8 Essential Tips for Moving Abroad (and How I’m Becoming a Madrileña)
The whole of January was ‘pre-move’ to Madrid. The whole of February was ‘post-move’ to Madrid. Now that we’re finally in March I can look back and safely say it took me two months to fully transfer myself, my life and all my things from one large city (London) to another (Madrid). If you thought moving abroad was an act of a single day and a single flight, you thought wrong.
I had arranged my job here in Madrid 6 months beforehand, so the task of actually finding a job in Madrid was taken care of and not too much of a weight on my mind. Phew. Where possible I’d advise you to secure your job before you move abroad as it’ll help you take plenty of the other key decisions involved in moving abroad, the most obvious being where to live. Let’s start there:
Moving Out: Moving temporarily out of your parents’ house is by far the easiest move you can do. However if you’re terminating a rent contract and moving out of a flat/house permanently (which was my case), you’ll have loose ends to tie up like utility bills to cancel, a local council to notify, a flat inspection with the landlord, change of address for absolutely every bank/online shop you’ve ever used, and potentially a car to sort out (and the car is a whole other level of headache!). Start by making a list well in advance and work out how/when you need to go through each of these steps.
The Move Itself: Now that’s in hand, you physically have to move your belongings/clothes/teddy bears/paraphernalia from Place A to Place B. In my case, London to Madrid is not a journey you want to do in a car if you value your sanity, so I booked a quick and easy flight. But how on earth was I supposed to survive for 6 months abroad with only 23kg of belongings? I decided that life is too short to struggle like that, so instead what I did was send a suitcase over to Madrid with a door-to-door delivery company, Parcel2Go. I filled my Antler Juno suitcase with clothes, shoes and other necessities and placed it into the cardboard box it came in (to protect it from getting dirty – it is white after all). I booked Parcel2Go’s courier service to come and collect it from my house and they did the rest. Off my suitcase went and a few days later, once I’d arrived in Madrid, my suitcase turned up safe and sound at my flat and voilà: mission accomplished. Along with my summer wardrobe, I also brought over in that suitcase some photos of friends and family, as well as my all-important postcards, of course, so I can personalise my flat and make it feel homely. Parcel2Go also send parcels so you can have smaller things delivered out to you while you’re living abroad, or even send parcels home to friends and family. I’ll no doubt be returning to England after 6 months with double the number of possessions and souvenirs of my time in Spain so I will be using Parcel2Go to send my things back to England as well.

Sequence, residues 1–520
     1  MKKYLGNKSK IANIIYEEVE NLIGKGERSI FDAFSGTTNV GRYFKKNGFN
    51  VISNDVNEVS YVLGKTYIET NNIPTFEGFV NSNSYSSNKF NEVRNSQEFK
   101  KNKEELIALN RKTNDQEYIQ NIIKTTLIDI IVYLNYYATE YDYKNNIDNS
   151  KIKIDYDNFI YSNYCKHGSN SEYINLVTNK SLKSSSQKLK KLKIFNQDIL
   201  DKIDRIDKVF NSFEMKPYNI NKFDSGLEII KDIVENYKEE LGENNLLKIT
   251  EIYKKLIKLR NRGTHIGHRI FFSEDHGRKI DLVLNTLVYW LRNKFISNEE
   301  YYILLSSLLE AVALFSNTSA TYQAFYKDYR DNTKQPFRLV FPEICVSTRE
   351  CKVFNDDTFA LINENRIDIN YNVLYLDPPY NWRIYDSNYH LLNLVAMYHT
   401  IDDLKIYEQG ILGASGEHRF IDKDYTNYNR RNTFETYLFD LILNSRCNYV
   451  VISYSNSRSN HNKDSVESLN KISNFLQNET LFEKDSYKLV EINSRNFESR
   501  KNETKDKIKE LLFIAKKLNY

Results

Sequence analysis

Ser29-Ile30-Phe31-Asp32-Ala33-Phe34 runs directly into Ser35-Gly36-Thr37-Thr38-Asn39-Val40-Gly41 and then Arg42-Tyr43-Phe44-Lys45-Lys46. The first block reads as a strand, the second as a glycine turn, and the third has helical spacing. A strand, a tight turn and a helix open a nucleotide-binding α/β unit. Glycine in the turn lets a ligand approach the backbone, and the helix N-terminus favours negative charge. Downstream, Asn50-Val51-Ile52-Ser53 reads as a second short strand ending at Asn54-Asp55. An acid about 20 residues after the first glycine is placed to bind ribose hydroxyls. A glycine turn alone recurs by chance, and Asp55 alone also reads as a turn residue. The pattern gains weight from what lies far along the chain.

Moving In: What to do if you haven’t yet found Place B? Finding a flat abroad can be a complicated business and it deserves a whole blog post of its own, read my post here about how to find a Home Sweet Home in another country. On this occasion, to my relief, my employer found and organised my accommodation for me so I was spared the agonising search for somewhere to live. My flat is slightly north of the centre of Madrid, near the Santiago Bernabéu Stadium (home to Real Madrid football team) and the best bit about it is that I have it all to myself! I adore living with friends but I have to say that being the King of my Castle (as it were) is great! It feels very grown-up and I am, for the first time ever, 100% control of the place I live in. Long gone are cleaning rotas, house rules, bathroom turns and shared bills/awkward money arrangements. I’m really enjoying living on my own, and am making the most of it here in Madrid as I wouldn’t be able to afford it back in London.
Getting to Know the City